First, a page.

On paper, CHEM 40426: “The Chemistry of Fermentation and Distillation” is an overview of the chemical and physical processes that take place during the fermentation and distillation of alcoholic beverages. In practice, it’s a class where students get to brew their own beer.
“Brewing beer on campus?” you may ask. “Is that even allowed?” It is in this class — and students can even sample the finished product, as long as they’re 21.
Age is not a prerequisite for taking the course, though a science background is. The class deals with the chemical concepts needed to understand the molecules, reactions, separations and physical transformations involved in alcohol-making, so a year of chemistry at Notre Dame is required. The course is intended as a science elective for students in the colleges of science and engineering, though it takes a somewhat cross-curricular approach to its subject matter. In addition to focusing on the science of brewing, students also learn about the history and culture of beers, wines, and spirits around the world in a broader culinary, cultural and industrial context.
Senior CHEM 40426 students (from left) Calvin Nazareth, Lukas Cepkauskas, Dan Hopkinson, Isabella Warwick, Jimmy Irving, Marcella Smith and Hailey Dikeman pose with some of their brewing equipment. Photo by Claire Radler
Professor Masaru K. Kuno, a physical chemist with 15 years’ experience at Notre Dame, teaches the class. In his teaching, he tries to emphasize the practical aspects — brewing the beer, experiencing the process from start to finish — and he often supplements his twice-weekly lectures with videos. In lieu of a traditional textbook, students use a detailed set of notes prepared by Professor Kuno.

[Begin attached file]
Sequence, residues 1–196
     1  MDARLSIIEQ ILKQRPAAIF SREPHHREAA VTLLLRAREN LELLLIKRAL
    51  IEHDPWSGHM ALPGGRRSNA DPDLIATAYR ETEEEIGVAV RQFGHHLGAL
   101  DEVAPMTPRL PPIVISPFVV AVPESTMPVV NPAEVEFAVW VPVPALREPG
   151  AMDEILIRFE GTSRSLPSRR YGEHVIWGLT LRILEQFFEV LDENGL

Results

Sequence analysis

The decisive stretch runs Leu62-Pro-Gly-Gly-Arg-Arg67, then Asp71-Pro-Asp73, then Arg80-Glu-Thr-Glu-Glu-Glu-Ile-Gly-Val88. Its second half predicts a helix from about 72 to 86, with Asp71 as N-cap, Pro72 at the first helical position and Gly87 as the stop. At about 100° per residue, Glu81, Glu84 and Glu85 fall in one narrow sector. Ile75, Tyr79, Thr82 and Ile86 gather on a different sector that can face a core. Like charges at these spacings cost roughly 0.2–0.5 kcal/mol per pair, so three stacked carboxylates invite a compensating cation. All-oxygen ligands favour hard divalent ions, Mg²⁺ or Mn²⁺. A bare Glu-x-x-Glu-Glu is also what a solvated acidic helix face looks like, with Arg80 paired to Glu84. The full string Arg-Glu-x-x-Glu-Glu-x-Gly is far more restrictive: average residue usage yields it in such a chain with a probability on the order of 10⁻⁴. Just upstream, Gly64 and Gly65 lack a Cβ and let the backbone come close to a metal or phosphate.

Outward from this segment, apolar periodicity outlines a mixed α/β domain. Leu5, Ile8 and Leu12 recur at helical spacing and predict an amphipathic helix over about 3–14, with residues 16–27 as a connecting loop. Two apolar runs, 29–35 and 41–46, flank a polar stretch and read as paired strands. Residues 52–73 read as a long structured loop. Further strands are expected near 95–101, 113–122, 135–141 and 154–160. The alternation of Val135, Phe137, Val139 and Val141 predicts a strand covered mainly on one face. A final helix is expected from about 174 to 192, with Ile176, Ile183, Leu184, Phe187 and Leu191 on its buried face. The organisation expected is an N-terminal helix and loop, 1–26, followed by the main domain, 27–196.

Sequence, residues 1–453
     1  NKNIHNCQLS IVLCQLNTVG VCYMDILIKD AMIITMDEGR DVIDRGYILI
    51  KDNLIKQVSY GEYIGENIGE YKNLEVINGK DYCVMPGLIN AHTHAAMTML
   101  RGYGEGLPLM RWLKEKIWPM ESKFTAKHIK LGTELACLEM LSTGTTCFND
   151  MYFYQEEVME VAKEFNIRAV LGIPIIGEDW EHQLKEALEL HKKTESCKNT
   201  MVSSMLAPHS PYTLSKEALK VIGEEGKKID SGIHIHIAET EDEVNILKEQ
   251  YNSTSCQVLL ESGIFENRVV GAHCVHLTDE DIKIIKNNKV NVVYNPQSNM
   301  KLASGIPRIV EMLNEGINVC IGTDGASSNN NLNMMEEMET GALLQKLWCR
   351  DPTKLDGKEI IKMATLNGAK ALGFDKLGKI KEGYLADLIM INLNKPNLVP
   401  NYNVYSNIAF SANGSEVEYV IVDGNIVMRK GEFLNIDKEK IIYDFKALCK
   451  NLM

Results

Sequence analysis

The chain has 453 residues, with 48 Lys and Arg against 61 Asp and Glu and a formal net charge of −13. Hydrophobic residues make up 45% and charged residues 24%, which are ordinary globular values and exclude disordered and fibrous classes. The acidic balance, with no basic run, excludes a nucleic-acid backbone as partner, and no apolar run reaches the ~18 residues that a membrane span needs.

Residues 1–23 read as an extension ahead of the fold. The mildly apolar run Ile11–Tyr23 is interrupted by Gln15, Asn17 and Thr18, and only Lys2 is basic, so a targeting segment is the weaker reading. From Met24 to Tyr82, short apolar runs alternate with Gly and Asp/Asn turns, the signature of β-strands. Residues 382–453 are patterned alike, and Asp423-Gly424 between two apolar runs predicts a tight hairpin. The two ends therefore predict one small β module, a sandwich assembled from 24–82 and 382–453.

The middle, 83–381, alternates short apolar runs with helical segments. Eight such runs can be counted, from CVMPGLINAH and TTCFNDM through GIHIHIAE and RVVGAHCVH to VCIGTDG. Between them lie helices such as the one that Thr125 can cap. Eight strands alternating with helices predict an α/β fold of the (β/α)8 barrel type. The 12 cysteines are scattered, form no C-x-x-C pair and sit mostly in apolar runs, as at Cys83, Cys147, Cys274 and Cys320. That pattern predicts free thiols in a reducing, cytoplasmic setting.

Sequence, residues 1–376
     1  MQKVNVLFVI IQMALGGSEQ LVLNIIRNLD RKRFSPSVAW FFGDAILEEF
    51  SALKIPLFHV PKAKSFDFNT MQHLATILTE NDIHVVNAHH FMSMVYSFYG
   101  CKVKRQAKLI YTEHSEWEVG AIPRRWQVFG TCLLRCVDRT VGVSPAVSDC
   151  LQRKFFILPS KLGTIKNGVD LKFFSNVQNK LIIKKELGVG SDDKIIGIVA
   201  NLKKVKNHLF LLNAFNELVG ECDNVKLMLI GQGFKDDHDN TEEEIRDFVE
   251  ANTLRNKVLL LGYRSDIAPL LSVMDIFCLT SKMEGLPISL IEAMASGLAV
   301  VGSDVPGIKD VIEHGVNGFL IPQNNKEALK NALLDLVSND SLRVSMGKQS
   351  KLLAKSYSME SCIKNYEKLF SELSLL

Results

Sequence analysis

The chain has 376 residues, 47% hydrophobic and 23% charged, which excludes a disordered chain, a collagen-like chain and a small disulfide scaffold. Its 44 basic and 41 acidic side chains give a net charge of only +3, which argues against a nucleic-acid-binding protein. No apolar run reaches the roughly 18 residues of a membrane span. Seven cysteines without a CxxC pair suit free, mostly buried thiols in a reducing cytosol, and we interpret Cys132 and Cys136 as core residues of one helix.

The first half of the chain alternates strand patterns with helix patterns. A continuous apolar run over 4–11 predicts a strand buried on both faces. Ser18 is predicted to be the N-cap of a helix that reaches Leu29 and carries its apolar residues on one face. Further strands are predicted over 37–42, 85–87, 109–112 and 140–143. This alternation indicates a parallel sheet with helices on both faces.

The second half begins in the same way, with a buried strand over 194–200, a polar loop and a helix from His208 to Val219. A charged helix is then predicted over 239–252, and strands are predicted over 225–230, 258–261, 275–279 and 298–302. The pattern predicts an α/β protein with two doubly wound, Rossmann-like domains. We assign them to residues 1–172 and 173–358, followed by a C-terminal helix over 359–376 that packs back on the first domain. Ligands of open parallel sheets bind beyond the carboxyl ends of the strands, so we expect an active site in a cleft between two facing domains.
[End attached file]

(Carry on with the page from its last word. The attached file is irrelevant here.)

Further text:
During lab on Fridays, students get to apply what they’ve learned. The class is split up into groups of five or six students, and they all work together to make the beer. The process of beer making is not actually that hard, according to Kuno, but it requires lots of attention to detail and care in ensuring that everything is sterilized. Kuno buys kits for the students, which provide all of the instructions and ingredients (including malt, grains and hops) necessary for one batch of beer. Each batch takes about four weeks to make, and students are graded on presentations they make after finishing a batch, as well as on class participation.
When they’re not in lectures or labs, CHEM 40426 also takes field trips to different brew-focused locations around South Bend. For now, that list includes Crooked Ewe Brewery, Ironhand Vineyards and Virtuoso Distilleries.
In this class, Kuno says, students are “learning how chemistry impacts their real life” — because what could be more relevant to real life in college than the occasional beer?
“I think this class is going to be one of the few classes they remember,” Kuno says, “or at least that’s my hope. Simply because it does impact sort of all aspects of their lives. Whether it’s at a party, or at dinner at a nice restaurant, I want them to have the ability to understand what they’re consuming, and to know that yeast, these little micro-organisms, are basically essential to all these products, whether it’s beer, wine, or some kind of distilled spirit.”